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Ruth E. Carter makes history becoming the first Black woman to win two Oscars

American costume designer Ruth E. Carter with her Oscar for Best Costume Design   -  
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FREDERIC J. BROWN/AFP or licensors


At the 95th Academy Awards, American costume designer Ruth E. Carter made history becoming the first Black woman to win two Oscars.

Four years after winning Best Costume Design for Marvel’s “Black Panther”, on Sunday she took home her second award in the category for its sequel, “Black Panther: Wakanda Forever”.

As lead costume designer, Carter played an influential role in making “Black Panther” a cultural phenomenon with her garments helping to bring the fictional country of Wakanda to life.

"I pulled myself up from my bootstraps. I started in a single parent household. I wanted to be a costume designer. I studied, I scraped, I dealt with adversity in an industry that sometimes didn't look like me. And I endured,” she said.

“So I feel that this win opens the door for other young costume designers that may not think this industry is for them and hopefully they'll see me and see my story and they'll think that they can win an Oscar too."

But the madcap multiverse adventure, “Everything Everywhere All at Once” dominated this year’s Oscars, winning seven awards including Best Picture.

And it also made history with Malaysian actor, Michelle Yeoh, become the first ever Asian woman to win Best Actress.

“For all the little boys and girls who look like me watching tonight, this is a beacon of hope and possibilities. This is proof that dreams – dream big – and dreams do come true. And ladies, don’t let anybody tell you you’re ever past your prime. Never give up,” she said.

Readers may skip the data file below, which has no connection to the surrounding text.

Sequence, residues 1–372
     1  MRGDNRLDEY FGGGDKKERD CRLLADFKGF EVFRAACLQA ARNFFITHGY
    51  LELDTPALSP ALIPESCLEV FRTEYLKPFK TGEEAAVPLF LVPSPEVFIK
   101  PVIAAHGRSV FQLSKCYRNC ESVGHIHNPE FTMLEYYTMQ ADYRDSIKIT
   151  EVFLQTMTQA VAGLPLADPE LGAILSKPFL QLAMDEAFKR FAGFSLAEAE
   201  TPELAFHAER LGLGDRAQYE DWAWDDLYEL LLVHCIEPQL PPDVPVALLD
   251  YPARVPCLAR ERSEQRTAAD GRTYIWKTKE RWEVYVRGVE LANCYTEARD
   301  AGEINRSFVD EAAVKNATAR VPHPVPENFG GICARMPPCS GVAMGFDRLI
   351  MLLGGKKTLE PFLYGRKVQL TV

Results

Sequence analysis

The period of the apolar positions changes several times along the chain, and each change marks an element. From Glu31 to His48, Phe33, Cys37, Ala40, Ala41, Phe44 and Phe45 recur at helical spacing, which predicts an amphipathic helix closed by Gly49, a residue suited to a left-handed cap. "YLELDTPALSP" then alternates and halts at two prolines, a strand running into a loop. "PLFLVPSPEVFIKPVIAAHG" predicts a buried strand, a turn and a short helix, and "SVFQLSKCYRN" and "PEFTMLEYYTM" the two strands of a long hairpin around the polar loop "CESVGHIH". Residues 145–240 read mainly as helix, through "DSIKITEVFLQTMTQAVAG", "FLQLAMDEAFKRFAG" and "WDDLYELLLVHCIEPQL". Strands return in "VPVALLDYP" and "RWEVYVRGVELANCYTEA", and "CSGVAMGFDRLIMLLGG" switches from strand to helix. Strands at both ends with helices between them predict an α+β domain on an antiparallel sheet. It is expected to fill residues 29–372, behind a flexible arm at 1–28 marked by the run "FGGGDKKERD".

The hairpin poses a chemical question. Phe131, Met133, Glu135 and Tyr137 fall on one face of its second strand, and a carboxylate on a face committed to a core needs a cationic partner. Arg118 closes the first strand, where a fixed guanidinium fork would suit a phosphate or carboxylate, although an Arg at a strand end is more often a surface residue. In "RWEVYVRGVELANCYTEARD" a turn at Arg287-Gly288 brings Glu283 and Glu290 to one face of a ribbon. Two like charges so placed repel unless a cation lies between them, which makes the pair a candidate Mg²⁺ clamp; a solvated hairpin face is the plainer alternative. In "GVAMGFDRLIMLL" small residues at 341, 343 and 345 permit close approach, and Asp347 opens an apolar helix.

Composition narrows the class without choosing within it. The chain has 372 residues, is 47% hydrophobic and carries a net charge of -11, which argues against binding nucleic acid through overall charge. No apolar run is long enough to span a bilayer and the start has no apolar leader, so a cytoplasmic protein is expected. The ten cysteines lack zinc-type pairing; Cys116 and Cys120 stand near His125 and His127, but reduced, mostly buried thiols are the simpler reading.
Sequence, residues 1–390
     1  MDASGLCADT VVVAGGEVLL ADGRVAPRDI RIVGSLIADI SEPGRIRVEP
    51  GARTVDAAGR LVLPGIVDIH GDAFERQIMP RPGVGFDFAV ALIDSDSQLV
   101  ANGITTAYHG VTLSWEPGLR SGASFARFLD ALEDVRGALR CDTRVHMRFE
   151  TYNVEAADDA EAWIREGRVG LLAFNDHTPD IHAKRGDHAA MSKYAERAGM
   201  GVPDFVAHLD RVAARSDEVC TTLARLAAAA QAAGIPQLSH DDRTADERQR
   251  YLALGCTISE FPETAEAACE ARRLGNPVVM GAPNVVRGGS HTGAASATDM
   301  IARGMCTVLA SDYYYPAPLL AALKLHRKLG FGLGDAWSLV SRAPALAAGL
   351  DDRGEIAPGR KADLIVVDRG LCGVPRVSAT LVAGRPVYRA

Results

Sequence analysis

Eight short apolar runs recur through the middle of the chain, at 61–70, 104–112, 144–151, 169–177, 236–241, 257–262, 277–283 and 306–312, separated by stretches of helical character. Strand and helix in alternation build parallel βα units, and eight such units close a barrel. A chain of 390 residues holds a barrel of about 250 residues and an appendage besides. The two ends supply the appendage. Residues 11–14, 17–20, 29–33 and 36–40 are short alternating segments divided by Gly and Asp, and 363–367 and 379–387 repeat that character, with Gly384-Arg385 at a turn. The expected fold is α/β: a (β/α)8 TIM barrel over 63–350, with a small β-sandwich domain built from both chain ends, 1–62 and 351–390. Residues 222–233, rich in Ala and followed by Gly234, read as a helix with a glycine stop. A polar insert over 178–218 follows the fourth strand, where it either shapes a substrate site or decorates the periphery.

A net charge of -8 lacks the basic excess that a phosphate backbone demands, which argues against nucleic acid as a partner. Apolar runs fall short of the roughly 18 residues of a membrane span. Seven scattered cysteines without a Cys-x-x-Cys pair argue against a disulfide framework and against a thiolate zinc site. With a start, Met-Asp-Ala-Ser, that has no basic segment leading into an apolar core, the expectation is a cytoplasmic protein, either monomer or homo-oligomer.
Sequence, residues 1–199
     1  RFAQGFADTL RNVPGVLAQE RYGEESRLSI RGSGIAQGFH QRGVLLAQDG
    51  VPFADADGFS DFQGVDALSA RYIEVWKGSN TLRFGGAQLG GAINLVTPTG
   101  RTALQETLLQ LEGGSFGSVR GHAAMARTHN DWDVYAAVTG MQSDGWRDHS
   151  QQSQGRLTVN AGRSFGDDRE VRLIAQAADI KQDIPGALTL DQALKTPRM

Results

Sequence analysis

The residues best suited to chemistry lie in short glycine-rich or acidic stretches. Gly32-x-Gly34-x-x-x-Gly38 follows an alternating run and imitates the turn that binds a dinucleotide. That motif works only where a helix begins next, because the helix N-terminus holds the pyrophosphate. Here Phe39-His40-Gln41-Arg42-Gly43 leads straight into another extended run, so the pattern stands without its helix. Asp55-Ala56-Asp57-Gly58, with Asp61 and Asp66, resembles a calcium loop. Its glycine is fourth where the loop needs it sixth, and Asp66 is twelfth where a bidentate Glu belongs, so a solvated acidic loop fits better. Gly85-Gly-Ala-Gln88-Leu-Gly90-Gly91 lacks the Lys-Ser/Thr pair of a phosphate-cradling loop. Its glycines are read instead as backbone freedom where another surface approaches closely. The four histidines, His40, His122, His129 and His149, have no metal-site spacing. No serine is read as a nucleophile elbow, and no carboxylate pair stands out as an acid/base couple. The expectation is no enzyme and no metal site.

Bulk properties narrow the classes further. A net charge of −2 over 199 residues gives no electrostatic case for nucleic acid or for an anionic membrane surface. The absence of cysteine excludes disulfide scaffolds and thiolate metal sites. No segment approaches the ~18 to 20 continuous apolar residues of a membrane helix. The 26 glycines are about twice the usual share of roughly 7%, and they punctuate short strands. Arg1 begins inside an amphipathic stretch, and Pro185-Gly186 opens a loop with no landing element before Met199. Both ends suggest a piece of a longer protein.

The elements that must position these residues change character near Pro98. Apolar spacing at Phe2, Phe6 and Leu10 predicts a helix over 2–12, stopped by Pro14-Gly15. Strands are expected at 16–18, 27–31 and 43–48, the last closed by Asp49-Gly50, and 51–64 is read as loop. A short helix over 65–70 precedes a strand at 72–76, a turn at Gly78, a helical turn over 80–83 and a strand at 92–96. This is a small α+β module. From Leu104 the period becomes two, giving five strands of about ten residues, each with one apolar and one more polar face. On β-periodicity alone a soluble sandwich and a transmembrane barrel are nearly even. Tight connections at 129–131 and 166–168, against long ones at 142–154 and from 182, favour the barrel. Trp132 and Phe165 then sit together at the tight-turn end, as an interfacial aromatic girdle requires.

In addition to Best Picture and Best Actress, the film also won Best Supporting Actress, Best Supporting Actor, Best Editing, and Best Original Screenplay.

The film tells the story of a Chinese immigrant who gets unwillingly embroiled in an epic adventure where she must connect different versions of herself in the parallel universe to stop someone who plans to harm the multiverse.

"I think one of the things that I realised growing up is that one of the best things that we can do for each other is shelter each other from the chaos of this crazy world we live in," said co-director Daniel Kwan.

The Academy Award for Best Actor went to Brendan Fraser for his comeback role in “The Whale” in which he plays Charlie, an overweight reclusive gay English teacher who tries to restore his relationship with his teenage daughter.

The other film which also won a slew of awards, including best international feature, was the German language World War II epic "All Quiet on the Western Front", which took four awards.

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